Teachers Speak At Board Meeting About Low Salaries

Ellie Graff, News Editor

On Monday, September 17th, a school board meeting was held at the South Bend Community School Corporation [SBCSC] headquarters in downtown South Bend. The room was filled with about fifty teachers representing various schools in the district. Although this particular meeting attracted a fairly large number of people, according to English teacher at Adams High School, Randy Ebright, “On average only five to ten teachers actually show up.” So what has caused this recent surge in attendance? A few parents made an appearance to articulate issues with busing disorganization, and one mother explained how she had to teach her nine-year-old daughter to use the public city bus system because the regular school bus was either two hours late or didn’t show up at all nearly every morning. Primarily, though, as the 2019 budget negotiations approach, more and more teachers are coming out to speak at the meetings, and express their concerns about low teacher salaries and low teacher morale. When Ebright was asked why he thought so many teachers have been leaving the corporation to find work elsewhere, he answered, “Because teachers are getting younger, they are having children, they are paying student loans, they are buying houses. They are trying, as humans, to move forward in their lives, and it’s hard to do that when your paycheck is stagnant.”  Ebright has been teaching for nine years and has received minimal increases to his salary. “Yes, teacher salaries have increased, but the price of everything else has increased more.” Cecilia Stanton, a Spanish teacher at Adams, has had similar experiences with insufficient funding to keep up with life’s daily expenses. “It’s hard to raise a family and be able to keep up with payments in general. Our salaries are not keeping up with that.” Both Ebright and Stanton are forced to work other jobs on the side to be able to provide for themselves and their families. In addition to raising two children, Ebright goes into work around 2-4 am and works a 6-8 hour shift on Saturdays, as well as during school vacations and most holidays. Despite sponsoring National Honor Society, Spanish Club, Social Action for Student Safety [SASS], and Quiz Bowl at Adams, Stanton must find the time to teach courses at IUSB and find work as a translator and tutor to make ends meet. Even in stressful times, both of these dedicated teachers are hopeful for future improvements.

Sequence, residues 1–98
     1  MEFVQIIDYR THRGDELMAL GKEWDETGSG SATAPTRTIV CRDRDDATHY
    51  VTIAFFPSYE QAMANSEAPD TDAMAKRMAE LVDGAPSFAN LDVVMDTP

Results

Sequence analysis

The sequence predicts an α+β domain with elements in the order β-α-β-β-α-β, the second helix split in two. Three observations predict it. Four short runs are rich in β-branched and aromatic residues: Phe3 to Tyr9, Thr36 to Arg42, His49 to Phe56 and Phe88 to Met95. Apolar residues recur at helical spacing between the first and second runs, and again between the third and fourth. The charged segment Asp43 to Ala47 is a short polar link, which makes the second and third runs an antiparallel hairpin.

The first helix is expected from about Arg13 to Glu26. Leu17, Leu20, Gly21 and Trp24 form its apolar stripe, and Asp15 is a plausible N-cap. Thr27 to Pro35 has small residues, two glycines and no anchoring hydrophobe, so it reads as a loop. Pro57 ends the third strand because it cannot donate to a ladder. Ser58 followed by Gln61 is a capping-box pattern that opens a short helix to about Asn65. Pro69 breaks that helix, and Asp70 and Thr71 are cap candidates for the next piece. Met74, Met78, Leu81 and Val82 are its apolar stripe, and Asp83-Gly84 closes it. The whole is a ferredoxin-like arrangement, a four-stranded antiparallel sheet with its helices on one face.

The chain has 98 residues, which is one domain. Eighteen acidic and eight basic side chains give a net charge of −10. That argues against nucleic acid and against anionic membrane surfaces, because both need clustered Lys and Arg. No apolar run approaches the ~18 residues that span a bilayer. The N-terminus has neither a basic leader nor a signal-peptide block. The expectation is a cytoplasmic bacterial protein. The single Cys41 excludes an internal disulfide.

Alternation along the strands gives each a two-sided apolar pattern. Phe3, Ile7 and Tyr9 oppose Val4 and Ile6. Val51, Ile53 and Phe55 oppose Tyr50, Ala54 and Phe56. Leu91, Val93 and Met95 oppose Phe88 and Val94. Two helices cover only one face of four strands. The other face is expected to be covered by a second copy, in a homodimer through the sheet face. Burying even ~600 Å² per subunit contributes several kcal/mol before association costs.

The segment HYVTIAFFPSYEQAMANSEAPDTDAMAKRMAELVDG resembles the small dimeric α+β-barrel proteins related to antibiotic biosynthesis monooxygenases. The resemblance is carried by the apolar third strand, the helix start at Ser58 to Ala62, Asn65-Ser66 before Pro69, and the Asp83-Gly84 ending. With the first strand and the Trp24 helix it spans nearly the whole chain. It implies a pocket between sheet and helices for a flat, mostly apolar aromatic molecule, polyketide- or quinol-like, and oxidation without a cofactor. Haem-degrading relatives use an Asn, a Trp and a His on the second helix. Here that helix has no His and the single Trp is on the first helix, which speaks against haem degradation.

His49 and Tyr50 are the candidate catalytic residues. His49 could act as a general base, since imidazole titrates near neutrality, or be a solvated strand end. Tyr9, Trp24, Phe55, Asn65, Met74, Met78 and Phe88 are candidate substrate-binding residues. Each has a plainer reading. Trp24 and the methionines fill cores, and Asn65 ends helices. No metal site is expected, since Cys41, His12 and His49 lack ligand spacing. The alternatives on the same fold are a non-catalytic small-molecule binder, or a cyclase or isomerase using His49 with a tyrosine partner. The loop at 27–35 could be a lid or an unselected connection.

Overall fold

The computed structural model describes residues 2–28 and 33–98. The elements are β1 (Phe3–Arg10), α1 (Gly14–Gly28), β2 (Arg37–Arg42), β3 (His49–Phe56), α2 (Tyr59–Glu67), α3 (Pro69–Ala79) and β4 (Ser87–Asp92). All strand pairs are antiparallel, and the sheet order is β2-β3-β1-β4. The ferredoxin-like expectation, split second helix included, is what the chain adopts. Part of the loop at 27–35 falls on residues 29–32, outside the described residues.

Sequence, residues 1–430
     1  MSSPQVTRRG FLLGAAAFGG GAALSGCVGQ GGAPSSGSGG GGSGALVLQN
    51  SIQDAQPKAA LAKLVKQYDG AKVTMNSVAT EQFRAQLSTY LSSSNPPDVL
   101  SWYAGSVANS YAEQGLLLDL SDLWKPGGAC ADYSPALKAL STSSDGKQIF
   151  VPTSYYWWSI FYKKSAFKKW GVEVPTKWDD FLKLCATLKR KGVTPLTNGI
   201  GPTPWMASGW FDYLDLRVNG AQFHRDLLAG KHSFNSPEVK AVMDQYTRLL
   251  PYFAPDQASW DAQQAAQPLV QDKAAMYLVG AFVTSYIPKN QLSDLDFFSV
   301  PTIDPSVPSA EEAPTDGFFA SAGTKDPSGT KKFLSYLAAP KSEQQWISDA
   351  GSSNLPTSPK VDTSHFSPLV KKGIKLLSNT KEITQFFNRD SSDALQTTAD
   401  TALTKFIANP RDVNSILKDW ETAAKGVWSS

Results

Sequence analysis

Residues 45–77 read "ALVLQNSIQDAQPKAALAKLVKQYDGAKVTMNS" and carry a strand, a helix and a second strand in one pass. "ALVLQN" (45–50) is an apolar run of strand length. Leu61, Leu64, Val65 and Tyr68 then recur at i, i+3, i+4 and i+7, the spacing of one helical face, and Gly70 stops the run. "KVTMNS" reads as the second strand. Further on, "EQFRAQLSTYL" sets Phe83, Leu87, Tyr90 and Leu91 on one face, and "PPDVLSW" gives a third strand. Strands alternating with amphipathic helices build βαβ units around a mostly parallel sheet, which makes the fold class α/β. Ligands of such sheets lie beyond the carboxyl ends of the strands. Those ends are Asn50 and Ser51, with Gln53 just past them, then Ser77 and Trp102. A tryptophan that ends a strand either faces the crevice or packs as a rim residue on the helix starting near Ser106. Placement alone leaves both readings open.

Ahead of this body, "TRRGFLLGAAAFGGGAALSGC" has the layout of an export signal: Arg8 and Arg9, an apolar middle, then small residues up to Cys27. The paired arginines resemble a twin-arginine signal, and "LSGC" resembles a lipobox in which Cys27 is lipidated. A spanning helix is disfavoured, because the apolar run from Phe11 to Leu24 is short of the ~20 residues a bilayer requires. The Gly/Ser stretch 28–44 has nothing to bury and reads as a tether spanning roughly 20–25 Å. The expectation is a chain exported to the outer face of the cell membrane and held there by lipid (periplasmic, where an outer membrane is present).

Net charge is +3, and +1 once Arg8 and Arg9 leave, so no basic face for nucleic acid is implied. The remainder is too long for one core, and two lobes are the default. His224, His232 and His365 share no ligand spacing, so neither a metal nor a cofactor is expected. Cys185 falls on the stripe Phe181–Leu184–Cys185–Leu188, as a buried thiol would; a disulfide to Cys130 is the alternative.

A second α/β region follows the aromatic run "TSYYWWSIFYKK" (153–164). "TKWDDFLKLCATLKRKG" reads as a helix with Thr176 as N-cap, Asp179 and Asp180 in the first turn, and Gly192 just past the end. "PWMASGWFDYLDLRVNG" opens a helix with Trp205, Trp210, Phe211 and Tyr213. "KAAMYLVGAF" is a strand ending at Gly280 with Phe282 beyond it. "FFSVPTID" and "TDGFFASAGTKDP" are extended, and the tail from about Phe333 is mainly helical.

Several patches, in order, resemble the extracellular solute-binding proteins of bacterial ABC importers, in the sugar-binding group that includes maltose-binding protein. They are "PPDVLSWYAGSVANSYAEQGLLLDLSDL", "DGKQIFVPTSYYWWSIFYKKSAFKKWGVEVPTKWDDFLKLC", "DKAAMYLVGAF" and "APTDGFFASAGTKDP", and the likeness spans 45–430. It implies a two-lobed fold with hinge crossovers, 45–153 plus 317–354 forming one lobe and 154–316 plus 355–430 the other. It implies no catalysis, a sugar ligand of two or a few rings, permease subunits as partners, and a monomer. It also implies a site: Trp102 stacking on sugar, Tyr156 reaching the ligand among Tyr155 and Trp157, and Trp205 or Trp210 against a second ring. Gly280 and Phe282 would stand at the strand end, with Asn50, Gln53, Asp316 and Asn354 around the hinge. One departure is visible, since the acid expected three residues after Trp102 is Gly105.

With the three minutes of time allotted for each public comment at the School Board meeting, both  Ebright and Stanton shared their stories and their struggles of teaching for the South Bend Community School Corporation.  Ebright feels like the school board members are listening and acknowledging the need for livable wages for teachers, but emphasizes that “we need to work together. That includes the board, teachers, and downtown administration.”  Stanton commented, “I think we are being heard, but I don’t think they are taking action fast enough to keep teachers around and raise the morale that’s pretty low.” What action needs to be taken exactly? Stanton believes that funding should be focused first and foremost on increasing teacher salary, because at the end of the day, no matter how much technology and extra “perks” the students receive, “If the teachers are not content enough to put in 100 percent of the effort in, nothing will change for the students.” Most of all, there needs to be change beyond the school board and the administrators downtown. As  Stanton put it “I think at some point, not just at the local level, our society needs to realize the importance of teachers, and the people who work directly with the students.” If you are interested in speaking at or attending a school board meeting in the future, check out the South Bend Community School Corporation Board of School Trustees Calendar 2018 Meeting Dates.